I thank Gaddy Getz of the Broad Institute for allowing me to share this data with you.
Looking at >1000 whole exomes from various tumor types, we see that mutation rates can vary by more than a 1000 fold.
Several hematologic and childhood tumor types are at the low end with less than 1 mutation /Mb; head and neck cancers, colorectal cancer, lung adenocarcinoma and squamous cell cancers and finally melanoma have a median close to 10 mutations/Mb and can reach 100 mutations /Mb.
How does this play out in the clinic? The prototypical “stupid” cancer is CML. This once highly lethal disease is driven by a single chromosomal translocation. Targeting the product of that BCR-ABL translocation resulted in a high response rate and long survival times with imatinib, the very first drug to come along. And if that drug fails, juts use another “ib” targeting the same kinase domain. I do not mean to denigrate either the groundbreaking research that led to imatinib or the use of these drugs: this is a true victory for targeted therapy and demonstrates its very real promise for cancer patients. But this is a stupid cancer.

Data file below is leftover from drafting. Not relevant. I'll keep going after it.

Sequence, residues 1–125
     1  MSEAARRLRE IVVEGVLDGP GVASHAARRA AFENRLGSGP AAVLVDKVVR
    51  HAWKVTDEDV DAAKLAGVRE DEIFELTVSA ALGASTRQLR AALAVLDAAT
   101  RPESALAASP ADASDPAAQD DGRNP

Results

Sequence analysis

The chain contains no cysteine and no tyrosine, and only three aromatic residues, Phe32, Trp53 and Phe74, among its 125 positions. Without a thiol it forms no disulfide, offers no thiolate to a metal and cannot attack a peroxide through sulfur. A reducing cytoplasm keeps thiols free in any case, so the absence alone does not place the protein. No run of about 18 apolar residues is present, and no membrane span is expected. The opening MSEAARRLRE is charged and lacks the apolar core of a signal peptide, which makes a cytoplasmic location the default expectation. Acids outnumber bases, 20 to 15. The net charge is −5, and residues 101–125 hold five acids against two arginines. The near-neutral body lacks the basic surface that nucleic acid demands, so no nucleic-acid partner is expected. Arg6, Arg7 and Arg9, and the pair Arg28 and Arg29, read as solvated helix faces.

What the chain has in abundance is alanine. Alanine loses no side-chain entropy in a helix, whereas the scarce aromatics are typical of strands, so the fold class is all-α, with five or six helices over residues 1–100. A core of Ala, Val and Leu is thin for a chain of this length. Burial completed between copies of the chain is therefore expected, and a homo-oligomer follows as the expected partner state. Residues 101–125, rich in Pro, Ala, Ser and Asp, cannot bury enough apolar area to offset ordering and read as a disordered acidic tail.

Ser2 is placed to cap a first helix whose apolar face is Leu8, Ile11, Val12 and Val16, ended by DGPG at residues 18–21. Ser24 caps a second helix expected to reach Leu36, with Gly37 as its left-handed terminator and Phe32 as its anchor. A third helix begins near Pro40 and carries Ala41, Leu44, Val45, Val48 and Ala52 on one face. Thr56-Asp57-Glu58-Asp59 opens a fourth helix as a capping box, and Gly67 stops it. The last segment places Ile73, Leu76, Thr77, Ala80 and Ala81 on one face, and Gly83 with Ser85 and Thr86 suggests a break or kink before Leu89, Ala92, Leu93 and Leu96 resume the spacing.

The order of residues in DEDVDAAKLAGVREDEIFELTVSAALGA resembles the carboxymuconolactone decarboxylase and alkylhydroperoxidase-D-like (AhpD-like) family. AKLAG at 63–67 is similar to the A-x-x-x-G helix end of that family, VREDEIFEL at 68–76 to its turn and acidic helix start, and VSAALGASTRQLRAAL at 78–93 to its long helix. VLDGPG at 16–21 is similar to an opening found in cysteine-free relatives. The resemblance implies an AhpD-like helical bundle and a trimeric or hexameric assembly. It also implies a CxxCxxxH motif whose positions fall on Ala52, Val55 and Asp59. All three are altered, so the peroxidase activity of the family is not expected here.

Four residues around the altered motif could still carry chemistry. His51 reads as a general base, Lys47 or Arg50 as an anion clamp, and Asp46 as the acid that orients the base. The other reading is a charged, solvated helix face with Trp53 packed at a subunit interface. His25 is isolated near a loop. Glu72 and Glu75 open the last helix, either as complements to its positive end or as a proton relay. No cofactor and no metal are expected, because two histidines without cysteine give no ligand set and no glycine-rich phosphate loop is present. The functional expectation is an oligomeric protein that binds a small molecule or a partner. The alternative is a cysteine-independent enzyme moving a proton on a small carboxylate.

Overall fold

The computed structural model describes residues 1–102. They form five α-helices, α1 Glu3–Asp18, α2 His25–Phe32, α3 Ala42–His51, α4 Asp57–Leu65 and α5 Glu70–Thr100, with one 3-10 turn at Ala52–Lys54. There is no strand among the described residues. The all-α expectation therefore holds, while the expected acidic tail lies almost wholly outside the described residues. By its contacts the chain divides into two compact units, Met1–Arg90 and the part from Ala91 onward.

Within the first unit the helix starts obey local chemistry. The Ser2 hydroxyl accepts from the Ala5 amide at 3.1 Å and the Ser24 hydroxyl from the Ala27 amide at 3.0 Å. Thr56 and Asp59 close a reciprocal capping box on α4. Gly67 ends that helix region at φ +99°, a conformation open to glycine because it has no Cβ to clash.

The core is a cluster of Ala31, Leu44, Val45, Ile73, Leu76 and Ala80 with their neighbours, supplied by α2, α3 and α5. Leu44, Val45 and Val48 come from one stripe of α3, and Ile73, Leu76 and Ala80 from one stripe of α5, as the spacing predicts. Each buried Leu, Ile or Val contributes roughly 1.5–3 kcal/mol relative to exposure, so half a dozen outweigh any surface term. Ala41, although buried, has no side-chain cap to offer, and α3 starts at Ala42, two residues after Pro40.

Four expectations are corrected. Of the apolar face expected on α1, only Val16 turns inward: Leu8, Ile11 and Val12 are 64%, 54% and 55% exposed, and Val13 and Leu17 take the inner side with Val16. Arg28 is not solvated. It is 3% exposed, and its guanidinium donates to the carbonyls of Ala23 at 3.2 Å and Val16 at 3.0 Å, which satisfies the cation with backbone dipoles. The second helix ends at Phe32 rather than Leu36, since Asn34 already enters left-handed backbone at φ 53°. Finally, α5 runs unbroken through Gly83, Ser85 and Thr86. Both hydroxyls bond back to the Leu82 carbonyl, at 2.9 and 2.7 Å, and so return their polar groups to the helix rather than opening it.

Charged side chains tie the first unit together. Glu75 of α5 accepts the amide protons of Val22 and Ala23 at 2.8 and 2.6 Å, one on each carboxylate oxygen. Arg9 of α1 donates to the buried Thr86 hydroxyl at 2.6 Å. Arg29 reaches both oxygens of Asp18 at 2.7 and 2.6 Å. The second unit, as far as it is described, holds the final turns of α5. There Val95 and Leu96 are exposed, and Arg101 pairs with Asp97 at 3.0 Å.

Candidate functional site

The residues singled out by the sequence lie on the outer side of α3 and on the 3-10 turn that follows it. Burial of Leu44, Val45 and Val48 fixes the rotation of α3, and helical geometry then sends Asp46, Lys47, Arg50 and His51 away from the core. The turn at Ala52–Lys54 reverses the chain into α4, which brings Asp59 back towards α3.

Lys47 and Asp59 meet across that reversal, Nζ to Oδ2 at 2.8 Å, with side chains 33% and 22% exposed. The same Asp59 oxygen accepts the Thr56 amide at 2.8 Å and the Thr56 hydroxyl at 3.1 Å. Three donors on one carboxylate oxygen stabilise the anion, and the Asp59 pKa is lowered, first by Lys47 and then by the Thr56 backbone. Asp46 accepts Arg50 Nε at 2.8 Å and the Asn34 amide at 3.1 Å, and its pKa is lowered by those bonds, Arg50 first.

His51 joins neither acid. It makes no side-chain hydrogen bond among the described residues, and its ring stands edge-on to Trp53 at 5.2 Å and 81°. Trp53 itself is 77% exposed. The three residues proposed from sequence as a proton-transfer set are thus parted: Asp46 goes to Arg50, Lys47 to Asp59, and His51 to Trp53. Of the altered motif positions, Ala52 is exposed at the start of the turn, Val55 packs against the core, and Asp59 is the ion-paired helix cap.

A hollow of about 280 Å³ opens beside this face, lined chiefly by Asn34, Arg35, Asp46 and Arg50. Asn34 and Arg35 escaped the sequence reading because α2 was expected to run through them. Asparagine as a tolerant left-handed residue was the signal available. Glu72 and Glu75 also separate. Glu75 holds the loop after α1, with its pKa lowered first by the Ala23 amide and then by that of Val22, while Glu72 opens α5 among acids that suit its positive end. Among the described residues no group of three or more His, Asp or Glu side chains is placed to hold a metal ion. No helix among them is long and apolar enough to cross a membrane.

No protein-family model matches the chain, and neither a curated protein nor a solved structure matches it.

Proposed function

In contrast, look at cigarette-induced non small cell lung cancer. The first lung cancer genomes were published last year. To look at the Circos plot on the upper left gives you some sense of the challenge we face in this disease. In Circos plots, the chromosomes are arrayed in a circle. In the innermost ring we see multiple inter- and intra-chromosomal rearrangements, either as long red lines crossing between chromosomes or short blue intrachromosomal loops. In the next ring, we see frequent loss of heterozygosity, followed by many copy number variations in the next ring and finally single nucleotide variants on the outside ring.
If we look now at the EGFR pathway from this patient, on the lower right, we see multiple points of amplification, loss of heterozygosity, and mutation—all within a single pathway. Because the investigators could count the number of mutations—and knew the patient’s smoking history—they were able to determine that the patient’s tumor had one mutation for every three cigarettes smoked. This is a “smart” cancer.